When a drunk guy (played by Josh Zaré) aggressively flirts with Eloise at the party, a nice guy classmate from the fashion institute gets the rude partier to back off of Eloise. The gentleman student introduces himself to Louise. His name is John (played by Michael Ajao), and it’s obvious that he feels an immediate attraction to Eloise, who is inexperienced in dating. Eloise gets uncomfortable when she senses that men want to act on their sexual attraction to her. John is respectful to her and tries to initiate a friendship with Eloise. The movie shows how their relationship develops over time.
At London College of Fashion, Eloise gets encouragement in the classroom from a teacher named Ms. Tobin (played by Elizabeth Berrington), who thinks Eloise has a lot of talent and potential. Jocasta and her gaggle of mean girls continue with their catty whispering and thinly veiled insults directed at Eloise, who tries to ignore them. But the last straw for Eloise is when she overhears Jocasta telling the other girls in the clique that Eloise’s mother committed suicide, and Jocasta predicts that Eloise will go crazy and drop out of the school.
It’s enough for Eloise to look for a new place to live. She answers an ad to rent a room in a house owned by an elderly woman named Ms. Collins (played by the Diana Rigg), who is a no-nonsense landlord. Ms. Collins bluntly tells Eloise some of the rules of the house, including no male visitors after 8 p.m. and no loud partying. Rigg (who died in 2020, at he age of 82) was quite a casting coup for “One Night in Soho,” since she was a 1960s icon for her role as Emma Peel in “The Avengers” TV series.
It’s why there’s an air of authenticity to the story when Ms. Collins reminisces about her heyday in the 1960s. It’s a topic that Eloise is fascinated by, and Ms. Collins is pleasantly surprised by how much knowledge and reverence that Eloise has for 1960s culture. Eloise thinks she’s found an ideal place to live. But maybe Eloise should’ve paid more attention when Ms. Collins demanded two months’ rent as a deposit (instead of the usual one month’s rent), because Ms. Collins said that previous tenants had a tendency to quickly move out and break their lease.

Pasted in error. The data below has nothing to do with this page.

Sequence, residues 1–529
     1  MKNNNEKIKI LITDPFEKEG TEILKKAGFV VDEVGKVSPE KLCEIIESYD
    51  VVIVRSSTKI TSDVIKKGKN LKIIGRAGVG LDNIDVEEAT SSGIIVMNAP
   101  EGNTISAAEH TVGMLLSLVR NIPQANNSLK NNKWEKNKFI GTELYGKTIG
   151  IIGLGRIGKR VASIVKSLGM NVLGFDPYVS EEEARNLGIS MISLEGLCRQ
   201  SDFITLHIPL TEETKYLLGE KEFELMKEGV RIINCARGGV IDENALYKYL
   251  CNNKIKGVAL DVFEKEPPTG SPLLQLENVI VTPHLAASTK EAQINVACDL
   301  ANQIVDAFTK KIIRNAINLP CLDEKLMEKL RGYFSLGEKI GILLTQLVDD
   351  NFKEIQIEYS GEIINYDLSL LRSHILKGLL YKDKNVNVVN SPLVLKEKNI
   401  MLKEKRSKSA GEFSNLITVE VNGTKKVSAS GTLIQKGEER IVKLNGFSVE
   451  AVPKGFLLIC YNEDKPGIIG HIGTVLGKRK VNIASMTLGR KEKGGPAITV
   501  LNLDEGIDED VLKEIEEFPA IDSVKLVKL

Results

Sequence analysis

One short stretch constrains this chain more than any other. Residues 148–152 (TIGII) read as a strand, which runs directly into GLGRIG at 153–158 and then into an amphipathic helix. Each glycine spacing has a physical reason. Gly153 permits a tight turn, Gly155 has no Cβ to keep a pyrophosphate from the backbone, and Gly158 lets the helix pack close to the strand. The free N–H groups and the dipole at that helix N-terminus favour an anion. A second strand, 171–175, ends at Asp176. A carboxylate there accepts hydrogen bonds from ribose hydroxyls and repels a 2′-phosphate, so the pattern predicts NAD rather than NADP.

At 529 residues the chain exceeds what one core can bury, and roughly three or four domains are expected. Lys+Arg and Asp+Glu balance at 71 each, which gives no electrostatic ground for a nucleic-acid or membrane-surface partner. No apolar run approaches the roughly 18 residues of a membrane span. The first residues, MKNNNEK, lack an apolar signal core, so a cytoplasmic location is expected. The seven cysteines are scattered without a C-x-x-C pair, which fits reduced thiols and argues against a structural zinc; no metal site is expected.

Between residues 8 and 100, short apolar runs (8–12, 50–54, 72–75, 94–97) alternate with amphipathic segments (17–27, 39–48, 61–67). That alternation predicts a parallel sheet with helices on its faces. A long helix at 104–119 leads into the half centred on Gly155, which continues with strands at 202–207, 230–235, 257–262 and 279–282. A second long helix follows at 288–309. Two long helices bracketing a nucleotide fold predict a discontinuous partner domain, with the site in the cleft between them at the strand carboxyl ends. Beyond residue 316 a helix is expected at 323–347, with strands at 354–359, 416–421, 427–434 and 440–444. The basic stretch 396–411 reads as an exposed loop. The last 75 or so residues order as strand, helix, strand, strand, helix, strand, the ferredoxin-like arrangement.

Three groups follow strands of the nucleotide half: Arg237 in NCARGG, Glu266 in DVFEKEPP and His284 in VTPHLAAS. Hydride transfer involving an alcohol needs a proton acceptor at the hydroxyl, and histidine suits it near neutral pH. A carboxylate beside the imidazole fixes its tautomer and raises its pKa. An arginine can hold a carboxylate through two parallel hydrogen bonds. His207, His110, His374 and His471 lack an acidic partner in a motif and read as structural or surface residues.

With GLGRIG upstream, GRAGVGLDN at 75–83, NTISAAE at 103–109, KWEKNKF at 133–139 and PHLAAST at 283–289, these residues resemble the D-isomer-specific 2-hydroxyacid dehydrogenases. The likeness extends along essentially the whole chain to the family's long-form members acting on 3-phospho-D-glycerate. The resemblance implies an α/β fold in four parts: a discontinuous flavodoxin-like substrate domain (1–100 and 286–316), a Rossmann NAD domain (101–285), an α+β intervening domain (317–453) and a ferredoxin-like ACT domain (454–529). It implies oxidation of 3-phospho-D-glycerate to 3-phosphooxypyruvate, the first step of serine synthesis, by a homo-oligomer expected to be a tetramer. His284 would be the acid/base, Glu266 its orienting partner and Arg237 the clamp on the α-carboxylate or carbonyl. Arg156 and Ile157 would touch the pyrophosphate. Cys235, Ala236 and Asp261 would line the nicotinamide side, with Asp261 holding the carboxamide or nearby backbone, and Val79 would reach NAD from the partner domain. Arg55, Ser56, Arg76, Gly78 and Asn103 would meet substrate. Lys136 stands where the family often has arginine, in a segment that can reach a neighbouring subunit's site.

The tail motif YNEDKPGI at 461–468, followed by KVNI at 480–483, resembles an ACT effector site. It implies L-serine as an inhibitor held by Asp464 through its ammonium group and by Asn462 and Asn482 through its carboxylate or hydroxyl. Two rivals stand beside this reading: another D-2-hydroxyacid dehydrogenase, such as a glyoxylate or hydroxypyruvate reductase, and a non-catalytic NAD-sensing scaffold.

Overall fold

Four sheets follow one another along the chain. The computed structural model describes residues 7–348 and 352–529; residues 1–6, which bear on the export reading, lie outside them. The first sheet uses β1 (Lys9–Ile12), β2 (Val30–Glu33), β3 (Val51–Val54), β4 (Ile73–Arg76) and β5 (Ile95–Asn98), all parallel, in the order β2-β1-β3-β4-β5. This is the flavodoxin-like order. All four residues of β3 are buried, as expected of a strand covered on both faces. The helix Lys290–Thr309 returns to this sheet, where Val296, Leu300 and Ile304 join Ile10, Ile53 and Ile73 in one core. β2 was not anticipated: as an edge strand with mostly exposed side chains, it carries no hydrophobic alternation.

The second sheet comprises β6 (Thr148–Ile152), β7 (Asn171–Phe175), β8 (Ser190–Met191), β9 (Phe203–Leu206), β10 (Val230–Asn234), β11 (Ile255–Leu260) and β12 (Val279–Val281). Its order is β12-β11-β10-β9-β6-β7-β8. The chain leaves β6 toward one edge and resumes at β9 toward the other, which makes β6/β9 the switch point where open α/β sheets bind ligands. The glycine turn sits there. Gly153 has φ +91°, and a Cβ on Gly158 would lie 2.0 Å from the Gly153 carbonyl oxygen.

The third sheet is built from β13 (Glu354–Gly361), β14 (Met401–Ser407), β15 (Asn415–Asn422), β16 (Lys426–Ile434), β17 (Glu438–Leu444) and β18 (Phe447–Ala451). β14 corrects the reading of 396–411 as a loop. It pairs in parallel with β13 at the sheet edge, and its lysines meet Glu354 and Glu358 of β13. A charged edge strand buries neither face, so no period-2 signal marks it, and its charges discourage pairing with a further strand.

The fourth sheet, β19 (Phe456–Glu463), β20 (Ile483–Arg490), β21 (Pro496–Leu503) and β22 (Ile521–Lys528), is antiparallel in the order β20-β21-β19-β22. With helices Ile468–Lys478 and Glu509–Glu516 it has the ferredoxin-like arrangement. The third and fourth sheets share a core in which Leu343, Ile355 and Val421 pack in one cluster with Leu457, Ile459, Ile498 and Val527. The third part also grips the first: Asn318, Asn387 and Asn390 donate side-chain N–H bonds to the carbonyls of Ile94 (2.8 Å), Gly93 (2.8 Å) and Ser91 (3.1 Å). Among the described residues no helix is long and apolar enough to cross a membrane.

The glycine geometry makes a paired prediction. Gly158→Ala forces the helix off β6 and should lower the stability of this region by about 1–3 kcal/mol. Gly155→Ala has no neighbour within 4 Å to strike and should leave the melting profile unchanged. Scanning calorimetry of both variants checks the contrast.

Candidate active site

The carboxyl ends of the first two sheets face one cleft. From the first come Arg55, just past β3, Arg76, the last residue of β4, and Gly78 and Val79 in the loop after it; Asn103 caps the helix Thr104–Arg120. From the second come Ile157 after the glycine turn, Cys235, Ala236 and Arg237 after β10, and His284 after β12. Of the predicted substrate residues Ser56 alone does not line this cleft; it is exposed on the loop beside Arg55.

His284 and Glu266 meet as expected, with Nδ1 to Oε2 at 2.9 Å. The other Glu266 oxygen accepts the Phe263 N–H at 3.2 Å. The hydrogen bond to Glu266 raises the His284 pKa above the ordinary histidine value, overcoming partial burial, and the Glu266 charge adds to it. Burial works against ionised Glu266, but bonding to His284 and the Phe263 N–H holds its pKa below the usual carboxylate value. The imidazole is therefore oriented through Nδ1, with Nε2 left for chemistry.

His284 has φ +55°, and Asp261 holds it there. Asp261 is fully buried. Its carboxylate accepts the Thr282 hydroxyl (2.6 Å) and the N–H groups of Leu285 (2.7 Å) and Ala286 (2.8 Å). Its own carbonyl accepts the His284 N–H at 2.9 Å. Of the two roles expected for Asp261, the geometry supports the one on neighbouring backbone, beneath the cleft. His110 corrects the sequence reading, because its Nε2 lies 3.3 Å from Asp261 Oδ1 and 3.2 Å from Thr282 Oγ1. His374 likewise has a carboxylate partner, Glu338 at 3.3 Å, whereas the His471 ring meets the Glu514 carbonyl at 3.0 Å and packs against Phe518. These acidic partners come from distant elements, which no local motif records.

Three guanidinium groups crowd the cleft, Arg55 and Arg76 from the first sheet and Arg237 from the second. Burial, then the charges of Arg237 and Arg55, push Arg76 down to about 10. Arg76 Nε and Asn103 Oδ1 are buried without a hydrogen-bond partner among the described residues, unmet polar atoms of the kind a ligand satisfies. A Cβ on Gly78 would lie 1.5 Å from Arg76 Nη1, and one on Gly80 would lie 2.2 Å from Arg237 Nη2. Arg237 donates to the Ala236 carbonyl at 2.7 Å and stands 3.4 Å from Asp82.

Eloise’s bedroom is directly across from a business that flashes neon red and blue lights all night, so her room is often bathed in red and blue at night. It’s a striking visual motif that’s used throughout the movie and becomes increasingly sinister as the story goes on, and red becomes the dominant shade. At first, Eloise doesn’t mind the distraction of these blinking lights.
But then, Eloise’s seemingly peaceful existence in her new home is shattered when she starts having vivid nightmares. In these nightmares, Eloise has stepped back into the mid-1960s and is an invisible observer of the turbulent life of an ambitious, aspiring pop singer in her early 20s named Sandie (played by Anya Taylor-Joy), who’s looking for her big break at any nightclub that will book her. (Sandie spends a lot of time in London’s Soho district.) In these dreams/visions, Eloise can see herself in mirrors, but the people in the dreams can’t see her.
At times, it looks like Eloise has morphed into Sandie in these dreams. But it soon becomes apparent that it’s just wishful thinking from Eloise, who has a growing admiration of Sandie. At first, Eloise seems enchanted by what she thinks is Sandie’s glamorous and sexy life. Sandie is everything that Eloise is not: confident, extroverted, and someone who is unafraid to go after what she wants. Sandie also ends up influencing how Eloise designs clothes and how Eloise undergoes a makeover.